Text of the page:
How about travelling to class in a top management institute on a rickshaw and broadening your horizons with new colours and scents, cultures and creeds? This is what awaits you if you spend a semester at the private university IILM in India.
Namaste in the home of chess, polo and yoga as well as the Seventh Wonder of the World, the Taj Mahal! This is where Oriental patience meets great improvisational talent, and German punctuality should not be the ‘be all and end all’ if you go to India. Almost 80% of the population are Hindus, society is very hierarchical and the caste system is not yet a thing of the past. The South Asian republic has more than 1.2 billion inhabitants, making it the world’s largest population after China. Over 100 languages are spoken in the 29 states, and 23 of those are declared official languages. The country is rich in tradition, colour, festivals, palaces, fortresses and religious architecture, and automatically conjures up images of cows on the roads, the extremely chaotic traffic, Bollywood, slums and temples. India also has a very diverse landscape, from the snow-covered Himalayas to the dry deserts and tropical sandy beaches in the south of the country.
The metropolis of Delhi in the north of India is a Union Territory and National Capital Territory with almost 17 million inhabitants. The majority of the population speaks Hindi, but English is widely spoken across the country as a language of communication and education. There is huge social inequality, with around 20% of the population living in slums. At 86%, the literacy rate is significantly higher than the 73% average for the whole of India. Delhi is hugely diverse: from the Red Fort or the Jami Masjid, India’s largest mosque, Humayun’s Tomb from the 16th century or the Lotus Temple to the huge shopping centres and beautiful parks, there is lots to discover. The metro has separate carriages for women and is an affordable and safe way of travelling around the city. With an annual average temperature of 25°C, however, you shouldn’t try to do too much in one day. New Delhi is one of Delhi’s nine districts and is also the capital of India and home to only around 250,000 people. The Rajpath, or King’s Way, runs from Rashtrapati Bhavan, the residence of the Indian President, to the India Gate war memorial, which looks like the Arc de Triomphe in Paris. Connaught Place is the hub of New Delhi, the huge financial, commercial and economic centre of the city where not just companies reside but also a shopping centre, restaurants, hotels, cinemas and an underground bazaar. Fun fact: Peter Plate from the German band Rosenstolz was born in New Delhi. The satellite city of Gurgaon has roughly 876,000 inhabitants and is the second-largest city in the State of Haryana, but belongs to Delhi’s metropolitan region. It is situated 30 km from Delhi city centre and is linked to New Delhi via metro. The city has undergone a dramatic development in the past 25 years, gaining more and more in significance. It is described as the “City of Lights” and is the financial and industrial centre of Haryana. Lots of wealthy Indians live here, leading to the construction of more than 20 American-style shopping malls as well as several private universities. Gurgaon is becoming India’s top city for education and wealth.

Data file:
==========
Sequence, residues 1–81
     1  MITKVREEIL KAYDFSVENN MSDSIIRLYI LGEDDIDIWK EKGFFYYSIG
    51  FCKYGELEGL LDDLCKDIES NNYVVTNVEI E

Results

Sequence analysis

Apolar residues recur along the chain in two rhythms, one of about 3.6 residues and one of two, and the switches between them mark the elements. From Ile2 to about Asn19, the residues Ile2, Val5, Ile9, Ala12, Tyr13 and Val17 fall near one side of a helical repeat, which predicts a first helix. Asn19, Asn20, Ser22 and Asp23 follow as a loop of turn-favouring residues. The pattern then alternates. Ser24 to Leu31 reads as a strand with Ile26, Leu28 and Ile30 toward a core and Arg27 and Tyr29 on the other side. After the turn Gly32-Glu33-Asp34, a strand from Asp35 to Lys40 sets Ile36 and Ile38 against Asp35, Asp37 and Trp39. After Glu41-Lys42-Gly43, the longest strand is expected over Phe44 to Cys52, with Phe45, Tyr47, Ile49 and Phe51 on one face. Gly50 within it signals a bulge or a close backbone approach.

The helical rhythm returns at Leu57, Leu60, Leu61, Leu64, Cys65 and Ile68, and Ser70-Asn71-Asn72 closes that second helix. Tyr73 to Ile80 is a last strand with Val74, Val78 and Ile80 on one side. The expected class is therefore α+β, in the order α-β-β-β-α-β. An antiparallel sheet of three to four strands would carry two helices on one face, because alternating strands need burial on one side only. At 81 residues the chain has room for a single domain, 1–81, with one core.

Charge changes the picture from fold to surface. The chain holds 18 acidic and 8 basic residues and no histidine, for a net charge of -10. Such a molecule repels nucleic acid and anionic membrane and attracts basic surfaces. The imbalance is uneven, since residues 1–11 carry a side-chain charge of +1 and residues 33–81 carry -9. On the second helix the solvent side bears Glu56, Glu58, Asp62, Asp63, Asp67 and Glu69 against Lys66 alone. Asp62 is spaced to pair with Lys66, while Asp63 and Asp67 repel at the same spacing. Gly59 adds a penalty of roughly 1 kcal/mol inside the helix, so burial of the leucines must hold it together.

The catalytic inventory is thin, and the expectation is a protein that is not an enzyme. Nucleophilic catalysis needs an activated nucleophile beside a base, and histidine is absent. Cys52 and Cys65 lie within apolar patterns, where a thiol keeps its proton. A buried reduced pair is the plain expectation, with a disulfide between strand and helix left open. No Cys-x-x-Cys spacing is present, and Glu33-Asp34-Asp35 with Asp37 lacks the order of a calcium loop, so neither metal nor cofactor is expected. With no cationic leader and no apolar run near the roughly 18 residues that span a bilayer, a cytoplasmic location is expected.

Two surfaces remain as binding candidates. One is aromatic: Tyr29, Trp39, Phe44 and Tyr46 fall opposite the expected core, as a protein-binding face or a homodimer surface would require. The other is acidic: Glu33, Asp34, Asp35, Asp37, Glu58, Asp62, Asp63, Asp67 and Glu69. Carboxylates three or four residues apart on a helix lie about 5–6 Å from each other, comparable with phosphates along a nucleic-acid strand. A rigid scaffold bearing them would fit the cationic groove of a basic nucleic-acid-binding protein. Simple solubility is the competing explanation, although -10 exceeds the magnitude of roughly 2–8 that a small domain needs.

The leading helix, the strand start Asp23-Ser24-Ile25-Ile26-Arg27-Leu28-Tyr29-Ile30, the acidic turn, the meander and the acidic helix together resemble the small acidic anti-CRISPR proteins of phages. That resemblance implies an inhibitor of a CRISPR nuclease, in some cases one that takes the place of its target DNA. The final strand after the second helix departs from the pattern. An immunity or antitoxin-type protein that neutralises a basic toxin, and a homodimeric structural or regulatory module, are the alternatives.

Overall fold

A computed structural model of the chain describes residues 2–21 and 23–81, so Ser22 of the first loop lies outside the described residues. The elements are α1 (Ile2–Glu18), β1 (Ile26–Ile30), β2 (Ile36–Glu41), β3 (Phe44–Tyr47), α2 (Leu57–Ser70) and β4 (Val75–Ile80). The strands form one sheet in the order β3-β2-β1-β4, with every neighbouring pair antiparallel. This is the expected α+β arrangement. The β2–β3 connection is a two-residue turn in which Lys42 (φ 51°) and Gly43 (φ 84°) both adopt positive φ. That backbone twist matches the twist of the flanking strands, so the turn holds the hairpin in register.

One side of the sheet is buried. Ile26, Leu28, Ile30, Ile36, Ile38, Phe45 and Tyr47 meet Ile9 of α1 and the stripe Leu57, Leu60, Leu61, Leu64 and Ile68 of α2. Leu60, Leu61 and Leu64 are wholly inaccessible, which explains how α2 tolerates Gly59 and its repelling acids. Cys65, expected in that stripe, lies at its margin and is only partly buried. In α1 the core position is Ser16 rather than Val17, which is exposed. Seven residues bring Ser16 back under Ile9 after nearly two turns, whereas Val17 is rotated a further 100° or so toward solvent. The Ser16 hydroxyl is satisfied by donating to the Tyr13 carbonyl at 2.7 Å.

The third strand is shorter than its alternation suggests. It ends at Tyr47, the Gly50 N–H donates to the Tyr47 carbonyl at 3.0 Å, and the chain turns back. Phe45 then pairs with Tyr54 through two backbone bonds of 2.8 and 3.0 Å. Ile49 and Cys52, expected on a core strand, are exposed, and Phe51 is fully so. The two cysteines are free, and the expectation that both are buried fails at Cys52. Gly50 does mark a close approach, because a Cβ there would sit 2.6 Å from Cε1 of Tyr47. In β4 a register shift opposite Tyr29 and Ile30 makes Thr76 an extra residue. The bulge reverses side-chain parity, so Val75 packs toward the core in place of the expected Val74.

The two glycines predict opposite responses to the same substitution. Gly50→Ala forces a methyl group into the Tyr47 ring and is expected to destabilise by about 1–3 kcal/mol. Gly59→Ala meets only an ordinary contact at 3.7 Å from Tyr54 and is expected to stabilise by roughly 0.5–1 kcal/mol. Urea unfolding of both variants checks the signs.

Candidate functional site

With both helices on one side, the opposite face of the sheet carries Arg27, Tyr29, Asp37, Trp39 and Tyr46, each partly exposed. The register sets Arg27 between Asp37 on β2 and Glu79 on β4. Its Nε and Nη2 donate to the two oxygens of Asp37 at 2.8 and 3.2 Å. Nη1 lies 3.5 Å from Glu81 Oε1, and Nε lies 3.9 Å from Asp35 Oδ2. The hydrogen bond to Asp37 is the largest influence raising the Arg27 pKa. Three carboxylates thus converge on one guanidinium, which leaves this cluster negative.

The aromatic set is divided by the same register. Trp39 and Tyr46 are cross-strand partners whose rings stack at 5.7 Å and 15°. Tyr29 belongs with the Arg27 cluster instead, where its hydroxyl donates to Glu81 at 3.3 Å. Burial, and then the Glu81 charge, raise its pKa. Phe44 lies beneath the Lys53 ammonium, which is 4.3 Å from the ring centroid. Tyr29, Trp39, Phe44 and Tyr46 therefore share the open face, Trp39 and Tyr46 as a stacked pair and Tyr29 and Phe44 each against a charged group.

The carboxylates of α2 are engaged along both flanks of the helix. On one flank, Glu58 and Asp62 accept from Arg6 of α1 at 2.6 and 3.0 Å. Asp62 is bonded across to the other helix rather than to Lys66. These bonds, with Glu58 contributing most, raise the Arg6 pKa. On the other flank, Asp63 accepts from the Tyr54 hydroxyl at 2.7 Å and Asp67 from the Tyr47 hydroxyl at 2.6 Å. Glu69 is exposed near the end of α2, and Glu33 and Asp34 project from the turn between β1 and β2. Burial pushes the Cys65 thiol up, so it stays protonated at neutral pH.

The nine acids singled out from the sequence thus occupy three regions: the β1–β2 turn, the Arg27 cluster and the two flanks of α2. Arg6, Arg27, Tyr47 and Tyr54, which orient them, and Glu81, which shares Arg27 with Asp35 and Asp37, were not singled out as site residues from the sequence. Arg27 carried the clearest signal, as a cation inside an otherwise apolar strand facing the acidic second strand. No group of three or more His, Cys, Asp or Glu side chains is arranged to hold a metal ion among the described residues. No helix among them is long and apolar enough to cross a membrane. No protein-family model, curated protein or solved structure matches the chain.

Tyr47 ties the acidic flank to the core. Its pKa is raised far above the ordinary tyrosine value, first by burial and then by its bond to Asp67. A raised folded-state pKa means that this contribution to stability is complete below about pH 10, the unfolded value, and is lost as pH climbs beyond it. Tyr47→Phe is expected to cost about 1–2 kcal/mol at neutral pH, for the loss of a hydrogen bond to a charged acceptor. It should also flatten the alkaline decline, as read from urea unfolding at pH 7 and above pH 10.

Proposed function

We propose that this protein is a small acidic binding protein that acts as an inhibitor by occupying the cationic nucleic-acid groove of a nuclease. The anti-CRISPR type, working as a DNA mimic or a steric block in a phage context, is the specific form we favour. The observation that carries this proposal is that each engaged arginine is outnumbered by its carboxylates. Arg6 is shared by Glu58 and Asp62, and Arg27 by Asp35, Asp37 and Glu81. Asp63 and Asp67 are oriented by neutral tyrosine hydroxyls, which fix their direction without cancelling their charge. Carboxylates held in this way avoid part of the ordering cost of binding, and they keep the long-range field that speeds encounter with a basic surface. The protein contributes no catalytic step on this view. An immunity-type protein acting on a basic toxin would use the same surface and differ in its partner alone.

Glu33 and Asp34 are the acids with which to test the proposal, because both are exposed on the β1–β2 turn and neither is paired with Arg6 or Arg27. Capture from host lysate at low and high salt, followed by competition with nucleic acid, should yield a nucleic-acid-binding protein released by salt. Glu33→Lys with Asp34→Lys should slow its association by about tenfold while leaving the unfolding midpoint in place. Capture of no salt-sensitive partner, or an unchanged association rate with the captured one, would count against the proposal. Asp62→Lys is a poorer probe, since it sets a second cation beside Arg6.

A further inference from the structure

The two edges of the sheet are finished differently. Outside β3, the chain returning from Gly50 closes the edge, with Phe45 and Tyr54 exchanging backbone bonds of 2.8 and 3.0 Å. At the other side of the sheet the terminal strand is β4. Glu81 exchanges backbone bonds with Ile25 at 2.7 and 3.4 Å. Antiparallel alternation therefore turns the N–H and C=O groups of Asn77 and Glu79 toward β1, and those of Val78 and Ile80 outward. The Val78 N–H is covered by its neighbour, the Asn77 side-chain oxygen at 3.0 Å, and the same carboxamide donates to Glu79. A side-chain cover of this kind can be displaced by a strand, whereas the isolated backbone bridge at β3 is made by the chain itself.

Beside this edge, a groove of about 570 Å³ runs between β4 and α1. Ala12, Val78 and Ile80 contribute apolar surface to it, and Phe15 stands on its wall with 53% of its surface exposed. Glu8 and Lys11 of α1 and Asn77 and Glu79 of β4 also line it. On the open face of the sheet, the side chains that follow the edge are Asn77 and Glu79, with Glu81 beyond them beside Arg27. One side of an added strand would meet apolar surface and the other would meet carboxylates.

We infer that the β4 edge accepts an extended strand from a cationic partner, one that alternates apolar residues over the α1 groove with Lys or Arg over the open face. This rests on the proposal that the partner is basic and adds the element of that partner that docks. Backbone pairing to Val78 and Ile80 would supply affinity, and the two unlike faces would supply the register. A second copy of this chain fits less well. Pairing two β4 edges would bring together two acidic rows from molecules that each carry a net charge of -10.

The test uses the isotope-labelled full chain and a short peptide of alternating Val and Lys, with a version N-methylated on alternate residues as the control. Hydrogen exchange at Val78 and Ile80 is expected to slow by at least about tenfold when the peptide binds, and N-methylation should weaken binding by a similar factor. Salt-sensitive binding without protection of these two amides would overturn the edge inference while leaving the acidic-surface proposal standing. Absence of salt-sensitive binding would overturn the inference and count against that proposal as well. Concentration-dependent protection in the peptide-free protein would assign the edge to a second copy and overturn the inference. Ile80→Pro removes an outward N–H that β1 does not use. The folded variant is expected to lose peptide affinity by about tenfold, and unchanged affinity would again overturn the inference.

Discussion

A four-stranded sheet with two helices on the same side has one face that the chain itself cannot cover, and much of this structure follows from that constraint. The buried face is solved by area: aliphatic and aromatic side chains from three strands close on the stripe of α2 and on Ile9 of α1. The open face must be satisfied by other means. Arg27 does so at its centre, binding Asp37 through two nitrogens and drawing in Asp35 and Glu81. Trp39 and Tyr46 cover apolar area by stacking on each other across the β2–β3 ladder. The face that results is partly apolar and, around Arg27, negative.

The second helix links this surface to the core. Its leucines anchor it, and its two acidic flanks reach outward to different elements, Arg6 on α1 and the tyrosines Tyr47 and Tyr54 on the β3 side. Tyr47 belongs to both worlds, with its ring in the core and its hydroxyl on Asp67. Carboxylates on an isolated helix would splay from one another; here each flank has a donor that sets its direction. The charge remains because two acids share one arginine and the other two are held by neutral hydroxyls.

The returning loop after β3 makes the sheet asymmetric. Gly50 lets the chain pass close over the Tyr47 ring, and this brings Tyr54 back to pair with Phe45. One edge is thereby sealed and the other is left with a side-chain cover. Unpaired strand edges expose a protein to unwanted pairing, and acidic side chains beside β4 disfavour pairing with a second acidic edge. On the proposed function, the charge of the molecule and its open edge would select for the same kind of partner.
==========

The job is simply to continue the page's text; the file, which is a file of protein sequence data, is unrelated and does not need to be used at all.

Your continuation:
IILM is a private university and one of the leading business schools, with three campuses in the metropolitan region of Delhi. It was founded in 1993 and offers management courses at bachelor’s and master’s level. IILM is the only business school in India that is affiliated to the UN Initiative “Principles for Responsible Management Education” (UN PRME), which aim to establish responsible management training at universities. It is also accredited by the South Asia Quality Improvement System. The curriculum is inspired by top universities such as Wharton and Harvard Business School or the Yale School of Management. Exchange students have told us about the helpfulness and genuine interest on the part of other students as well as the good support provided by the university, including a service to collect students from the airport and bring them to their accommodation. In addition to lecturing, many of the lecturers work in industry, thus giving the students practical insights into the Indian market. Participants in the 12-week exchange programme can also attend a Hindi language course as well as company visits, sightseeing tours, seminars on Indian culture, tradition and cuisine. HSBA students can choose between the Lodhi Road campus in New Delhi and Gurgaon. Both offer a B.Sc. in Business & Management in collaboration with the University of Bradford. The Lodhi Road campus also offers a BBA programme in International Management and Entrepreneurship in collaboration with the Swiss Business School.
Gurgaon campus has student halls with CCTV, where a three-bed room costs EUR 275 per person per month including food and internet. There are no single rooms, but there is one building for men and one for women. The rooms are furnished, have a bathroom, air conditioning and the men’s buildings also have balconies with a wonderful view of the city. There are kitchens, washing machines, drinking water and common rooms (more information is available at http://media.wix.com/ugd/505b83_637516b03aaa4930a0795ca0c6e923ee.pdf). If you would prefer to live off campus or on the New Delhi campus, you should ask IILM for support. Any real estate brokers recommended to you by the university can be trusted, but you should still negotiate the commission. Make sure that you have air conditioning, because fans are not sufficient at those hot temperatures. It is not usual in India to live alone, so it is best to group together with other exchange students!